Effectiveness Of Candidate Malaria Vaccine Decreases Over Time, Study Shows
“The effectiveness of an experimental malaria vaccine developed by GlaxoSmithKline wanes over time, with the shot protecting only 16.8 percent of children over four years, according to trial data,” Reuters reports. “The disappointing results for RTS,S — the world’s first potential malaria vaccine — raise further questions about whether it can make a difference in the fight against the disease, a major cause of illness and death among children in sub-Saharan Africa,” the news service adds (Kelland/Emery, 3/20). “Scientists point out that they will need to see the full results, from large-scale trials of thousands of children, before they really know how useful the vaccine … will be,” the Guardian writes. “But the tests follow a string of disappointing results, which have clearly shown how difficult it is to make a vaccine to protect against the disease, which kills more than 650,000 children, most of them very young, a year,” the newspaper notes (Boseley, 3/20).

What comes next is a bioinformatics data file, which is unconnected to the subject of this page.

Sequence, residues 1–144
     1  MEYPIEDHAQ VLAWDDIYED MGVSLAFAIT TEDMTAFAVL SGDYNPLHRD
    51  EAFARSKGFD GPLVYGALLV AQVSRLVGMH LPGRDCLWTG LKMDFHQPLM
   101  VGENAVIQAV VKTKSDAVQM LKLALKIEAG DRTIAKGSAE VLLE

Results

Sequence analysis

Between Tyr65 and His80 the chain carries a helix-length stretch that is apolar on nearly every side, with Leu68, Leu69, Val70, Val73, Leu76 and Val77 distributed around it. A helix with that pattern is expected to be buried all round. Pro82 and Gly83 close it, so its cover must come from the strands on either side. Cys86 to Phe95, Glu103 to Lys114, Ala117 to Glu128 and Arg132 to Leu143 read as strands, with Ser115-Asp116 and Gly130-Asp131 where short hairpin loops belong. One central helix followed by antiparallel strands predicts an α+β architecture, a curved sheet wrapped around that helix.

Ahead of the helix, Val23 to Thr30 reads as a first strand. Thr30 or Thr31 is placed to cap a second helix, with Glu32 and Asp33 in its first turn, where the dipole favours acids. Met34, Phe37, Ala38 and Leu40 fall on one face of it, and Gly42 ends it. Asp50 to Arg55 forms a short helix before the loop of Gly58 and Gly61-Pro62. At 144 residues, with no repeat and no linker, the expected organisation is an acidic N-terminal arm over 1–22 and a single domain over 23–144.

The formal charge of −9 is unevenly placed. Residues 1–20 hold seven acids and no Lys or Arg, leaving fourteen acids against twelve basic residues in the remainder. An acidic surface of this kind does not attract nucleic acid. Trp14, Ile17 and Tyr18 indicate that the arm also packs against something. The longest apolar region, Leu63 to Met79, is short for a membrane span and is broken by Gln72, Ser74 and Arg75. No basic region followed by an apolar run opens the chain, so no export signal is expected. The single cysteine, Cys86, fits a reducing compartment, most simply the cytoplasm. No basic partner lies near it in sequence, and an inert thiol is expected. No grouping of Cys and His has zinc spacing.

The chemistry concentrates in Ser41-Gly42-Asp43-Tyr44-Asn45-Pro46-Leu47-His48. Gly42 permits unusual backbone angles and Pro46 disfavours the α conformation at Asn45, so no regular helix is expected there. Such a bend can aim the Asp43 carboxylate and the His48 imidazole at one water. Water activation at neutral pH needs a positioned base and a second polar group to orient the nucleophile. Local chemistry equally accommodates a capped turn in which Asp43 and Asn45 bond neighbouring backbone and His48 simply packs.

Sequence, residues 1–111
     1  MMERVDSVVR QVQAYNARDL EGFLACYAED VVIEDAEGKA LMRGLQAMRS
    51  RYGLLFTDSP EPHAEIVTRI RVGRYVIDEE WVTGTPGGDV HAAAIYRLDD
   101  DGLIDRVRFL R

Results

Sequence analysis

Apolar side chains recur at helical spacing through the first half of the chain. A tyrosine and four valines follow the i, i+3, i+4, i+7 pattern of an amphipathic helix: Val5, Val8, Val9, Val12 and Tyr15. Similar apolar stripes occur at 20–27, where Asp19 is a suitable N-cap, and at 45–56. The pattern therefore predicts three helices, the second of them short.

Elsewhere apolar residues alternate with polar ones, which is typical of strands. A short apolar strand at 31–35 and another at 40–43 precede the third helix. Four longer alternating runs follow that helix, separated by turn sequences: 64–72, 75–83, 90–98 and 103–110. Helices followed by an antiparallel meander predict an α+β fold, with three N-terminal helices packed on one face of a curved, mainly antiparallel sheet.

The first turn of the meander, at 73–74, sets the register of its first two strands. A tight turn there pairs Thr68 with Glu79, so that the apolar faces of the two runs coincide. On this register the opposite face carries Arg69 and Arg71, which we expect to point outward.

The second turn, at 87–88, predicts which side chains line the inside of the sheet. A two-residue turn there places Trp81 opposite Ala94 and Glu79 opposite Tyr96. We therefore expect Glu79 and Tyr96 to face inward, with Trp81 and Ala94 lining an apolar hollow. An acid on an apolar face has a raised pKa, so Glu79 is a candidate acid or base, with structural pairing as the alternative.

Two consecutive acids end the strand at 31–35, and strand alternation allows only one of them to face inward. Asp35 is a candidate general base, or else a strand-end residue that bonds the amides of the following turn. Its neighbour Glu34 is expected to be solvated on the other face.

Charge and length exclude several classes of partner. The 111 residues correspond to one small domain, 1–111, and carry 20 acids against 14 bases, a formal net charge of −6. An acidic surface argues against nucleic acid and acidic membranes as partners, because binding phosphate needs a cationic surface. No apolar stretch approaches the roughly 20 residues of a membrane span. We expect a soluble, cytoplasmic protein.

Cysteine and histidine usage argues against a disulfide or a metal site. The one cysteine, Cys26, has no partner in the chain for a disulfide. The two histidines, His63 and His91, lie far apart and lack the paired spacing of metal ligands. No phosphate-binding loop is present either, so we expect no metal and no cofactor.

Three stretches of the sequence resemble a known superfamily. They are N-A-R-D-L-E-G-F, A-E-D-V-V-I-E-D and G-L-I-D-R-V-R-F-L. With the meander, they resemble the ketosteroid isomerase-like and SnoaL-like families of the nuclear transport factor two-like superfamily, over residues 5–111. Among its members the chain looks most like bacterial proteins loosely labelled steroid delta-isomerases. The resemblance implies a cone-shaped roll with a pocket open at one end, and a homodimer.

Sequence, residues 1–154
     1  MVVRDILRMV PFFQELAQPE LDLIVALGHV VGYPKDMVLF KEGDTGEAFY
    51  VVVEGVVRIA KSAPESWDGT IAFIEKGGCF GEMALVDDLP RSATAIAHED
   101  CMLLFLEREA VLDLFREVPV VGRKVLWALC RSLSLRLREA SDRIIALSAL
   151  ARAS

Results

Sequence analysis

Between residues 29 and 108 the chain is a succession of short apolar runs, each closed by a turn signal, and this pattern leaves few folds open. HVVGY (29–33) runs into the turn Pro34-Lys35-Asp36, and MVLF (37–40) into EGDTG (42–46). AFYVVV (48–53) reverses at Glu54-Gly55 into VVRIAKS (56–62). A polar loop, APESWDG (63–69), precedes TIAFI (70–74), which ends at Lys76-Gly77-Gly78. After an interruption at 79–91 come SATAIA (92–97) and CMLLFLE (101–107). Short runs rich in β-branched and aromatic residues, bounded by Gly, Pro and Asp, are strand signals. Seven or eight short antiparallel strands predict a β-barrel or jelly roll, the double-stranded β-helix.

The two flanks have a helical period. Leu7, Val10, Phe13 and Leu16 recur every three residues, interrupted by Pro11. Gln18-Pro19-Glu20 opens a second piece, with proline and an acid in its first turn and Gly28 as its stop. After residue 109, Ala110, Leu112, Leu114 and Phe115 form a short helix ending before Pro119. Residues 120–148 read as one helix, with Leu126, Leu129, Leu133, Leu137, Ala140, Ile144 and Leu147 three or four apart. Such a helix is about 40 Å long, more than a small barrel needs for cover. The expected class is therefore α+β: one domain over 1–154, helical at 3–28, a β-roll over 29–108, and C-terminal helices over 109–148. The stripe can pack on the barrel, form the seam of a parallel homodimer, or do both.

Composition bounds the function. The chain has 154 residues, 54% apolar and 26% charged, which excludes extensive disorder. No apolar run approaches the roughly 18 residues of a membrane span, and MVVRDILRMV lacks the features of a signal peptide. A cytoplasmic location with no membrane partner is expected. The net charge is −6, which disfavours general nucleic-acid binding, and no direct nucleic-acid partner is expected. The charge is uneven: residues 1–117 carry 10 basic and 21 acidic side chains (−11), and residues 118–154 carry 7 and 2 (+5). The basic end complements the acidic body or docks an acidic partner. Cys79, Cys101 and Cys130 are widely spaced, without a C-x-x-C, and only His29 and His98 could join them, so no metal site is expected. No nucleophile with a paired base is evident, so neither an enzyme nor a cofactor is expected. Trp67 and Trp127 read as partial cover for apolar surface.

“The vaccine ‘is the only one ever to be tested in a phase III clinical trial,'” ScienceNow writes, noting, “That trial reported promising initial results in 2011, cutting rates of malaria by half in toddlers. But findings published in November clouded its prospects, as the vaccine failed to protect young babies as much as hoped” (Vogel, 3/20). “The latest findings, published in the New England Journal of Medicine, come from a smaller phase II trial that began in 2009 and was designed to assess safety and efficacy ahead of the large-scale phase III trials,” the Guardian adds (3/20). The study, led by KEMRI-Wellcome Trust Research Program and Oxford University researchers in Kenya, “involved 447 children in Kilifi, Kenya, who had been part of an earlier phase II trial to assess the safety and efficacy of the vaccine candidate,” according to a Wellcome Trust press release (3/20).